Rapid Reaction: Disappointment for Cheong After Another Close Call
With more than $9.5 million in live tournament earnings, Joseph Cheong is without a doubt one of the most successful poker players on the grind today.
Yet the glory of a major poker tournament victory has continued to elude this Las Vegas-based pro.
Cheong recorded a win in the $1,000,000 Manila Millions at APT Philippines in 2013 for some $1.3 million, but he has yet to collect any hardware from the recognized major poker tours like the PokerStars European Poker Tour, World Poker Tour or the World Series of Poker.
He famously finished third in the 2010 WSOP Main Event, but his runner up finish in the 2014 WSOP $1,500 No-Limit 2-7 Draw Lowball event Wednesday only served to cement his status as one of the best in the game without a bracelet.
Always a Bridesmaid: After his third place finish at the Main Event in 2010 left him without the gold, Cheong has been close to winning the most coveted prize in all of poker more than once. At the 2012 WSOP he finished runner-up to Aubin Cazals in the $5,000 No-Limit Hold'em Mixed-Max event. Later that year he got close again, placing fourth in the WSOP Europe Main Event across the pond in Cannes, France.
Then when the WSOP went Down Under for the first time, Cheong finished runner-up to high-roller stud Philipp Gruissem in the $50,000 No-Limit Hold'em High Roller Rebuy.
Outside of the WSOP, he's also recorded a couple of high profile second-place finishes in the 2013 WPT Championship $100,000 No Limit Hold'em Super High Roller and the EPT London £10,000 High Roller Turbo.
Blow Up or Brilliance: Cheong's performance at the 2010 WSOP Main Event is one of the most debated in poker history. Some call it a blow up, while others say it was sheer poker brilliance somehow gone wrong. Three-handed, Cheong had the chip lead and was guaranteed the $4,130,049 he would eventually earn for third.
$8.9 million was awaiting the winner and whoever finished second would earn $5.5 million. John Racener was sitting a distant third in the chip counts and Jonathan Duhamel had a stack just shy of Cheong's 90 million-plus when the biggest hand in WSOP Main Event history played out.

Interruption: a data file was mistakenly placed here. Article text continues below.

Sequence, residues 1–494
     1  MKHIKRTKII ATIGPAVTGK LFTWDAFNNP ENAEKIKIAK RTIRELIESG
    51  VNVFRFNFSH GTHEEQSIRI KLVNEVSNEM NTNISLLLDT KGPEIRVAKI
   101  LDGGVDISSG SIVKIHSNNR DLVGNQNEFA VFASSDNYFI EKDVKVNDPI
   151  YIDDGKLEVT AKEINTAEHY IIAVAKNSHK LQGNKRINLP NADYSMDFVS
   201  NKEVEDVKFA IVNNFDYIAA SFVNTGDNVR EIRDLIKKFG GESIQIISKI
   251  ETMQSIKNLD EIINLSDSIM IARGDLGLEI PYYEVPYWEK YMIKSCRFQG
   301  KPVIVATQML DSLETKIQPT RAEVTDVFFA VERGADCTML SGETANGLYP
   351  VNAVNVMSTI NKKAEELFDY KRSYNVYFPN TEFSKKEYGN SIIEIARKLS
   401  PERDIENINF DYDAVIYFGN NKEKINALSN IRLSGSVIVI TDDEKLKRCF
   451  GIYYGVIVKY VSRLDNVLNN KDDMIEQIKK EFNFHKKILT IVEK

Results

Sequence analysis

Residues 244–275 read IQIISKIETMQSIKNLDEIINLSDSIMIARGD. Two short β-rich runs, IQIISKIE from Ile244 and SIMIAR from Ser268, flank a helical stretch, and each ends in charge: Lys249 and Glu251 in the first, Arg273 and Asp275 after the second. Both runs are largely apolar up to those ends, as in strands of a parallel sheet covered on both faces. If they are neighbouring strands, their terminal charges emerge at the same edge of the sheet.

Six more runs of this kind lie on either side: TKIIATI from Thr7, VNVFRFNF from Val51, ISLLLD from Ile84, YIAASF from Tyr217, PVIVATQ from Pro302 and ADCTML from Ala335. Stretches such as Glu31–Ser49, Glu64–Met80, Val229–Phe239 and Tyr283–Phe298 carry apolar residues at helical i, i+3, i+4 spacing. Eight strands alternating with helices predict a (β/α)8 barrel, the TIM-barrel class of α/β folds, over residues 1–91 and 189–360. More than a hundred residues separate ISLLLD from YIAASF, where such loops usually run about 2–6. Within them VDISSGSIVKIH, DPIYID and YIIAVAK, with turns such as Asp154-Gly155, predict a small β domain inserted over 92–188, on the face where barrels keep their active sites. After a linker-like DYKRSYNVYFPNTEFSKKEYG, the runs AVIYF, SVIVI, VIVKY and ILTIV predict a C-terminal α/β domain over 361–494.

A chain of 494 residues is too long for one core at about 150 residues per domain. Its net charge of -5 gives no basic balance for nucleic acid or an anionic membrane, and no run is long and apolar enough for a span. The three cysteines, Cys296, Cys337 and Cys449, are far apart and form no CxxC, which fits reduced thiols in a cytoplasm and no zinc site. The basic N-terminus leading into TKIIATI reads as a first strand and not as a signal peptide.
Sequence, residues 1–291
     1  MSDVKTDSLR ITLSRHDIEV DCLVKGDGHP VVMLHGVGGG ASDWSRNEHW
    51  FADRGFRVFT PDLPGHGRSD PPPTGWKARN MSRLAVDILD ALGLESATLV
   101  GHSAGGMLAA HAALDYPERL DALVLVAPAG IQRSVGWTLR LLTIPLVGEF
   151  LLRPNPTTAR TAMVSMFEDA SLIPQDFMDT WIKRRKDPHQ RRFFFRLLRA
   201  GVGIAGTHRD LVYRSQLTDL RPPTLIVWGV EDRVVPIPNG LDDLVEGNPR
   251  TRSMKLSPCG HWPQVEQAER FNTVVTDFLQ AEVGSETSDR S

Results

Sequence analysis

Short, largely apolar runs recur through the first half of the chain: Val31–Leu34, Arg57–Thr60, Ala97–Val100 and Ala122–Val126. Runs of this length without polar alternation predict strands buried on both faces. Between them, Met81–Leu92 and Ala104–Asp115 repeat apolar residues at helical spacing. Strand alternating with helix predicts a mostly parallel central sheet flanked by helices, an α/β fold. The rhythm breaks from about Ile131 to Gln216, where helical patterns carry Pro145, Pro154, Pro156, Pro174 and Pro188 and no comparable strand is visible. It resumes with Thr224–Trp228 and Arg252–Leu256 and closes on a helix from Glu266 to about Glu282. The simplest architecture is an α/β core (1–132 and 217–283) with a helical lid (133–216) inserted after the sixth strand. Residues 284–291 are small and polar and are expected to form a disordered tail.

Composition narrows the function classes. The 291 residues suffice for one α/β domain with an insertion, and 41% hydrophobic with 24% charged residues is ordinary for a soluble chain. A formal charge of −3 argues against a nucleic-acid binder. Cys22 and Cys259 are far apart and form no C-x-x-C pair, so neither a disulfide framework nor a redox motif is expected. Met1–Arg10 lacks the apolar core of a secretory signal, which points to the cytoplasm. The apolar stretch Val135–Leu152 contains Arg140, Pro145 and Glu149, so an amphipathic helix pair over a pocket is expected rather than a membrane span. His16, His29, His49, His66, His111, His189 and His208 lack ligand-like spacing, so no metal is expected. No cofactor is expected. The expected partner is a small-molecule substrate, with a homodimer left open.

It started with Racener folding the button. Cheong opened to 2.9 million and Duhamel fired back from the big blind, making it 6.75 million. Cheong then four-bet to a total of 14.25 million.
Duhamel five-bet to 22.75 million and Cheong had the bright idea to six-bet all in with .
Duhamel made the call with two queens and held on a run out to take a huge chip lead he would eventually ride to the win. Cheong's run at poker's biggest prize ended a few hands later, but the debate over the massive move he tried to make on Duhamel and whether he should have considered the pay jump from third to second beforehand continues to rage on.
The Money or the Bracelet: The $55,309 Cheong earned for his second-place finish in Wednesday's $1,500 No-Limit 2-7 Draw Lowball event pushes his career earnings to $9,605,775. But the poker community appears to measure success by more than just money earned. When the conversation turns to the greatest poker players of all-time, it's often about the bracelets.
Johnny Chan and Doyle Brunson are widely considered among the best to ever grace the felt. They are members of the exclusive Poker Hall of Fame and the 10 WSOP bracelets each have of them have won, only less than Phil Hellmuth's 13, certainly helped them get there.
But the $8,642,321 and $6,131,775 in career earnings they have each posted respectively is less than Cheong's almost $10 million.
Online or Off: Before making a name for himself at the 2010 WSOP Main Event on the live felt, Cheong was a well known online grinder playing under the name "subiime."
According to online poker tracking site PocketFives he's recorded a lifetime total of $2,554,487 in online poker tournament earnings, proving he's a success online and off.
In addition to his online name, subiime is also Cheong's Twitter handle where he tweeted out thanks for the support of his rail today:
A Star Is Born: Steven Wolansky beat Cheong heads-up to win is first bracelet in the $1,500 No-Limit 2-7 Draw Lowball event, getting over the hump after his own heartbreaking second-place finish in last year's $2,500 Eight Game Mix event.
But Cheong wasn't the only star he had to beat to get there, and not from the world of poker either.
German pro footballer Max Kruse finished third. A few weeks ago, the Borussia Mönchengladbach striker was expecting to play for Germany at the 2014 World Cup in Brazil about this time. Unfortunately he was left off the roster and decided to come to Las Vegas with a few German poker-playing friends for the WSOP.
Apparently he learned how to play No-Limit 2-7 Draw Lowball after a quick crash course from 2014 WSOP Player of the Year leader George Danzer just last week. Not bad for a beginner.